- 3 garlic cloves, thinly sliced
- 10 fresh thyme sprigs
- 2 tablespoons olive oil
- Salt and freshly ground black pepper
- 2 tablespoons olive oil
- 8 very thin slices prosciutto
- 2 large shallots, finely diced (about 2/3 cup)
- Salt and freshly ground black pepper
- 2 garlic cloves, minced
- 1 1/4 pounds freshly ground beef chuck (preferably prime grade)
- 2 tablespoons finely chopped fresh Italian parsley
- 2 teaspoons Dijon mustard
- 1 teaspoon Worcestershire sauce
- 1/2 teaspoon salt
- 1/4 teaspoon freshly ground black pepper
- 1 large egg, beaten to blend
- 4 3 1/2-inch squares ciabatta bread, halved horizontally
- 2 tablespoons butter, room temperature
- 4 ounces Fontina cheese, thinly sliced
- 8 romaine lettuce leaves
- Gourmet Ketchup:
- 1/2 cup ketchup
- 1 tablespoon Dijon mustard
- 1 tablespoon Sherry vinegar
- 1 tablespoon Worcestershire sauce
- 1 tablespoon finely chopped fresh chives
- 2 teaspoons finely chopped fresh tarragon
- 3 tablespoons extra-virgin olive oil
- The tomatoes can be roasted 4 hours ahead, covered and kept at room temperature. The burger patties can be formed up to 8 hours ahead, covered and refrigerated. The gourmet ketchup can be made 2 days ahead, covered and refrigerated.
- To roast the tomatoes:
- Position the rack in the center of the oven and preheat the oven to 500°F.
- Place the tomatoes on a baking sheet. Arrange the garlic slices on top of the tomatoes and scatter the thyme sprigs over the tomatoes. Drizzle with the oil and sprinkle with saltand pepper. Roast until the tomatoes are tender and golden brown on the bottom, about 20 minutes. Set aside.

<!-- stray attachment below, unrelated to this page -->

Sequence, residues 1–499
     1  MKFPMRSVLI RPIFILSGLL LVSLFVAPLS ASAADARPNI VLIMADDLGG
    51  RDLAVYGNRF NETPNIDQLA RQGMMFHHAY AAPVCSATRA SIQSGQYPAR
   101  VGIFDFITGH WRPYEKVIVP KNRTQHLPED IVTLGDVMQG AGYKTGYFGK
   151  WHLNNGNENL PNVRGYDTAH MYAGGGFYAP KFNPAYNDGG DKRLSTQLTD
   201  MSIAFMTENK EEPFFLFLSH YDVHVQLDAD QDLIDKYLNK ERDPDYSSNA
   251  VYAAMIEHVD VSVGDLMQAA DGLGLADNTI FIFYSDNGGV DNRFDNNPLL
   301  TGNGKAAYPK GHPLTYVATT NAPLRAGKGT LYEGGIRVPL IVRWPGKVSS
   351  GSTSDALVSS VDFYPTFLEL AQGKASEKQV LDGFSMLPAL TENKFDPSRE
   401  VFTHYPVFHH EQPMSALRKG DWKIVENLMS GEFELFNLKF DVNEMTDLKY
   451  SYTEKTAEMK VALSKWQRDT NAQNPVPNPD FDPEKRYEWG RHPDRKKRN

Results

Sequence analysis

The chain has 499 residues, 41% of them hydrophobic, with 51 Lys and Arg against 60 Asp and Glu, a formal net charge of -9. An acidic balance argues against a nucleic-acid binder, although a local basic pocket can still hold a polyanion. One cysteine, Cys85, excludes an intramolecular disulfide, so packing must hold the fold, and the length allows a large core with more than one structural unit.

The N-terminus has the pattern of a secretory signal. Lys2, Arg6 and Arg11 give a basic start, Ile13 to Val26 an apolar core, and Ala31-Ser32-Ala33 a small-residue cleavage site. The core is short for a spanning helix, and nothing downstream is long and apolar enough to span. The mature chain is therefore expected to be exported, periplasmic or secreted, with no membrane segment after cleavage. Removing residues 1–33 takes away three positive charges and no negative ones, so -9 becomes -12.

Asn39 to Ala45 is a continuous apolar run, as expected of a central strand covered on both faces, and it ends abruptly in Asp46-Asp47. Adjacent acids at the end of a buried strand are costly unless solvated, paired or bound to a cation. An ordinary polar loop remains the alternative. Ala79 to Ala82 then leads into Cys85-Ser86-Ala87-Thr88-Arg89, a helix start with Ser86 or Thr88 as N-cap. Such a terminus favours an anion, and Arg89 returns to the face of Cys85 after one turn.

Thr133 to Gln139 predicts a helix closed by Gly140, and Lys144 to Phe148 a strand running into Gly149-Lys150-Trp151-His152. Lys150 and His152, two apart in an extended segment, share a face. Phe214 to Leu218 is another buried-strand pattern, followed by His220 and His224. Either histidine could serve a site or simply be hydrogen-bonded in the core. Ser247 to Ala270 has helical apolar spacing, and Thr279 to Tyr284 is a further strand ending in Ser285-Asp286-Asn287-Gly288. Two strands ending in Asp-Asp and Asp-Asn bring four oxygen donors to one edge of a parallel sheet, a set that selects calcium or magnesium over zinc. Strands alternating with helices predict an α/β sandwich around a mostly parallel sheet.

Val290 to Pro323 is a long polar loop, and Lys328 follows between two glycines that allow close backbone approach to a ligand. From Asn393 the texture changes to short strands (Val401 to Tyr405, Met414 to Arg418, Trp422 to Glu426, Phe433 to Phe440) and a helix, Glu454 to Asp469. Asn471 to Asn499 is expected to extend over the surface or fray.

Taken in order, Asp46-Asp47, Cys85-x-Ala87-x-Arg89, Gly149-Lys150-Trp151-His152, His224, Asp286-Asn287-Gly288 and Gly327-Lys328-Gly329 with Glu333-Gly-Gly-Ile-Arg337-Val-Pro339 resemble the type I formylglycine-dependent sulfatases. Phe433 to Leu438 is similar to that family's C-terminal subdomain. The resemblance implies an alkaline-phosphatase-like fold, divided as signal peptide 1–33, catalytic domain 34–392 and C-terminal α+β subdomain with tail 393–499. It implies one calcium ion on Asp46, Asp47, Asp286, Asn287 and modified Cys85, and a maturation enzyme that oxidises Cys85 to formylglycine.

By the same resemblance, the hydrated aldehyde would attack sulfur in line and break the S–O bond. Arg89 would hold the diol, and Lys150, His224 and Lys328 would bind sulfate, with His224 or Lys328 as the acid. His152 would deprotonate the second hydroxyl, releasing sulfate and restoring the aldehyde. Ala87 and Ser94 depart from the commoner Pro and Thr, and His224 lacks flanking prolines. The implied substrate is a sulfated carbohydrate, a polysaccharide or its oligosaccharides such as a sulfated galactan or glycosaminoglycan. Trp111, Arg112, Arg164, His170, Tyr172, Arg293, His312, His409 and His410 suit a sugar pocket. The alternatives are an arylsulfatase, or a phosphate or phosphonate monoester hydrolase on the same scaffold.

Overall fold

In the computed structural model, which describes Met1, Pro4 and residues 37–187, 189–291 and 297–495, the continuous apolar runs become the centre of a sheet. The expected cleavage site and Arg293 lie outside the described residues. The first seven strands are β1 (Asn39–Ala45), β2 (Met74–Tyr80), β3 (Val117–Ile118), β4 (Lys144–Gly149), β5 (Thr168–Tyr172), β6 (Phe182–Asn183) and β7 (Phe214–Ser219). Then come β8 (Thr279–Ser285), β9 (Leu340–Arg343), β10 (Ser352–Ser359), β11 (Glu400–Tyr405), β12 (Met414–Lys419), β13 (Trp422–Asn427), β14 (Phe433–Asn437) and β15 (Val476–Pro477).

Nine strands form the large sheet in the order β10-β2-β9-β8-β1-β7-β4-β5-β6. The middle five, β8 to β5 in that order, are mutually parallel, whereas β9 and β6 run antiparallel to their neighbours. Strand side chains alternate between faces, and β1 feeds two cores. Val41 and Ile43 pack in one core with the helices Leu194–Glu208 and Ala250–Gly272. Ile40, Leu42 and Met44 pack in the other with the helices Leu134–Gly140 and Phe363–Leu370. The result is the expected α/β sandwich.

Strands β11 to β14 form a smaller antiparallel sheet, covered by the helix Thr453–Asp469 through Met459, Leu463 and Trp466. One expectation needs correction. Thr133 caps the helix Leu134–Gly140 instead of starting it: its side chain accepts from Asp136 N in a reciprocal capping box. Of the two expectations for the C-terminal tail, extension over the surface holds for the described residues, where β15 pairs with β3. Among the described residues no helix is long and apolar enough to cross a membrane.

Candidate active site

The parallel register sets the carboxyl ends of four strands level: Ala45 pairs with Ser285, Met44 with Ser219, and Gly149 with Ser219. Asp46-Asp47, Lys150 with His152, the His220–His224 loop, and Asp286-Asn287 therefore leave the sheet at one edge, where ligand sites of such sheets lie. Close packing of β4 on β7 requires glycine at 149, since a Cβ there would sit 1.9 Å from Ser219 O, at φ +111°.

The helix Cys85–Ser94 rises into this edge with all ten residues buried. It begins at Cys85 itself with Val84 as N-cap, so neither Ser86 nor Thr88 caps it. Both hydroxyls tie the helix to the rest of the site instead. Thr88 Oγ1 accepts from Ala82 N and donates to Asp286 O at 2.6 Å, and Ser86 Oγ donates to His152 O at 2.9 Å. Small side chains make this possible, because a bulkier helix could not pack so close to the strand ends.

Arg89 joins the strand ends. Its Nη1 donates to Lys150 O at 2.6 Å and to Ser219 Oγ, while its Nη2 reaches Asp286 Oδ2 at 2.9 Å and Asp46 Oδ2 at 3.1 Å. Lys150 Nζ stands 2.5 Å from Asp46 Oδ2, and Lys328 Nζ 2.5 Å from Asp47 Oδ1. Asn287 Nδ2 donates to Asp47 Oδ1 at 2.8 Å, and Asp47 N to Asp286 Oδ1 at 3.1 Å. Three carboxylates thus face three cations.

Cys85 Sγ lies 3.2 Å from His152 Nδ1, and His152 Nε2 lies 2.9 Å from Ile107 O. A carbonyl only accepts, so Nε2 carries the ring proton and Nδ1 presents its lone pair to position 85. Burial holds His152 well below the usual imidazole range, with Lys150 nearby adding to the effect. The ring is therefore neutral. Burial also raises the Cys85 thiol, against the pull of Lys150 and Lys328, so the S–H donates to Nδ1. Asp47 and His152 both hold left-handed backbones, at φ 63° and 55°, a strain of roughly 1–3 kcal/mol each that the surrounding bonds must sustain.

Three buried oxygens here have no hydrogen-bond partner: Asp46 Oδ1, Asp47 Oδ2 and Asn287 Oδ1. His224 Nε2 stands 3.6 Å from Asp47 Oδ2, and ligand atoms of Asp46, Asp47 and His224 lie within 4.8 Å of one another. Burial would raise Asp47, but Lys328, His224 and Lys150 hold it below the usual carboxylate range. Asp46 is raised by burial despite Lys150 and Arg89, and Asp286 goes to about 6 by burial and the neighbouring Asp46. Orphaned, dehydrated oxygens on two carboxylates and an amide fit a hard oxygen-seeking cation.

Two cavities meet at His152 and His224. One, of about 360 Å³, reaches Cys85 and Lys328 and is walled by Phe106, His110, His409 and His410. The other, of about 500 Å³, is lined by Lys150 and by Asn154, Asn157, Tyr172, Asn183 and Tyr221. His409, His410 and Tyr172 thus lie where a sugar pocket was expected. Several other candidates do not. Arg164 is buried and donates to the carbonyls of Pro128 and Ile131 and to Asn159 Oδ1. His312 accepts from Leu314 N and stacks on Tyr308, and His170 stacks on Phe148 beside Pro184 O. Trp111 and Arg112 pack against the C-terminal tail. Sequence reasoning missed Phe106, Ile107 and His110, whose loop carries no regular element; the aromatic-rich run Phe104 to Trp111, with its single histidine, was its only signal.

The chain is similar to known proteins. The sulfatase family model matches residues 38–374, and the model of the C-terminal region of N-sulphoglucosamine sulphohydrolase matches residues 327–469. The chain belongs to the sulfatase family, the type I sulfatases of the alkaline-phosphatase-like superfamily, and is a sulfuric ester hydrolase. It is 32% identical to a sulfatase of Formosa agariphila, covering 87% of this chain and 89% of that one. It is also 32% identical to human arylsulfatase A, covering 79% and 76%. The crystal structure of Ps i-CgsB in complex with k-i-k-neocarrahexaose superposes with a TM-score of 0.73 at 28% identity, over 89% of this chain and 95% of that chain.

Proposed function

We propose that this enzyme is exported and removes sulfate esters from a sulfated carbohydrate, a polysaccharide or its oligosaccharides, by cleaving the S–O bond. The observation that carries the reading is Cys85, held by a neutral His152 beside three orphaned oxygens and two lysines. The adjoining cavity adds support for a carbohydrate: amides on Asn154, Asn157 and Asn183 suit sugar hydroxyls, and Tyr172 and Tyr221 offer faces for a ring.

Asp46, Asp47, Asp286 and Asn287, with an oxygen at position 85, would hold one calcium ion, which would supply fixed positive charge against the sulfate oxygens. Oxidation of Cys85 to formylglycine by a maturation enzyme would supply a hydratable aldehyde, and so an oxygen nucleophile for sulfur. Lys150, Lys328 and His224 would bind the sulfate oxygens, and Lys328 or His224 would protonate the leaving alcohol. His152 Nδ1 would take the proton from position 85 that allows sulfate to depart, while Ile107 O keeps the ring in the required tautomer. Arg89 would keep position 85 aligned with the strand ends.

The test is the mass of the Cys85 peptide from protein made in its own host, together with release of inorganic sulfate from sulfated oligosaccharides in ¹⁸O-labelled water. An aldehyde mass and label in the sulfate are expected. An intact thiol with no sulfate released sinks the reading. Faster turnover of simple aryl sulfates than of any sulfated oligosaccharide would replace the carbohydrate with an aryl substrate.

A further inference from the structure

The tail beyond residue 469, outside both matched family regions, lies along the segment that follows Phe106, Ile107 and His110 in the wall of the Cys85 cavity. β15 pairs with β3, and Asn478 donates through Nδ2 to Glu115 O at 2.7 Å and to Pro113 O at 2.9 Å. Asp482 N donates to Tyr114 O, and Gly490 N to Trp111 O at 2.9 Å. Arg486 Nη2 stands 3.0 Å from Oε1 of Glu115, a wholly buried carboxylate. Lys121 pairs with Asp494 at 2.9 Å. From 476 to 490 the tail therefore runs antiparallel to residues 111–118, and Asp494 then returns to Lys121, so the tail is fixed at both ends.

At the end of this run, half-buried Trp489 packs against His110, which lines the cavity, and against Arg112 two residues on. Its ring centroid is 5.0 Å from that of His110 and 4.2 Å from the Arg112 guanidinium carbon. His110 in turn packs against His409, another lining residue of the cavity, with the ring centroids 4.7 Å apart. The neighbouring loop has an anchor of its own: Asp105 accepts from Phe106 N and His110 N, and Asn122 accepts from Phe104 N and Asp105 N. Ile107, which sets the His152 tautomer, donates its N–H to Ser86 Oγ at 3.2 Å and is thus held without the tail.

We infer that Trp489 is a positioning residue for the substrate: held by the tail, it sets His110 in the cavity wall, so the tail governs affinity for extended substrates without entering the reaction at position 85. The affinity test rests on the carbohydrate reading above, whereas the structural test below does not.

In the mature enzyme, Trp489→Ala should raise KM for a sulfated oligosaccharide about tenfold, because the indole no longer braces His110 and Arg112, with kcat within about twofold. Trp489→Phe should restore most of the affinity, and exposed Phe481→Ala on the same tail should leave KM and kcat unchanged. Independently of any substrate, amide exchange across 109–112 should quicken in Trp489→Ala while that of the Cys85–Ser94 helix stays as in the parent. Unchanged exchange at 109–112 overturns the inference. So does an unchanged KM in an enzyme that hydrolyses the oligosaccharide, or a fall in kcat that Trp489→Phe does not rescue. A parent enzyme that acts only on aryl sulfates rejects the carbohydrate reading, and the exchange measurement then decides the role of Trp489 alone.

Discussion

- To prepare the burgers:
- Heat a heavy large sauté pan over medium heat. Add 1 tablespoon of oil. Working in batches, lay the prosciutto slices in the pan and cook over medium heat until crisp and golden, about 2 minutes per side. Transfer the crisped prosciutto to a paper towel-lined plate.
- In a small heavy sauté pan, heat the remaining 1 tablespoon oil over medium heat. Add the shallots. Sprinkle with salt and pepper and sauté until tender, about 2 minutes. Stir in the minced garlic. Remove from the heat and cool completely.
- In a large bowl, gently mix the cooled sautéed shallots and garlic with the ground beef, parsley, mustard, Worcestershire sauce, 1/2 teaspoon of salt, and 1/4 teaspoon of pepper until well blended. Mix in the egg. Divide the beef mixture into 4 equal mounds. Using a 4-inch ring mold, shape each mound into a patty.
- Preheat a grill pan or prepare a barbecue for medium-high heat. Brush the cut sides of the ciabatta with butter. Grill the ciabatta, cut side down, until lightly toasted, about 2 minutes. Place the ciabatta on a plate and cover to keep warm.
- Grill the patties until brown on the bottom, about 3 minutes. Turn the patties over. Top the patties with the roasted tomatoes and then with the cheese. Continue to grill until the patties are cooked to medium-rare doneness, about 3 minutes longer.
- To make the gourmet ketchup:
- Meanwhile, in another large bowl, whisk the ketchup, mustard, vinegar, Worcestershire sauce, chives, and tarragon to blend. Gradually whisk in the oil to blend well. Set the sauce aside.
- To serve:
- Place the lettuce over the grilled ciabatta bottoms. Set the patties on the lettuce. Spoon some gourmet ketchup over the burgers. Top with the crisped prosciutto. Cover with the ciabatta tops. Serve the remaining gourmet ketchup alongside.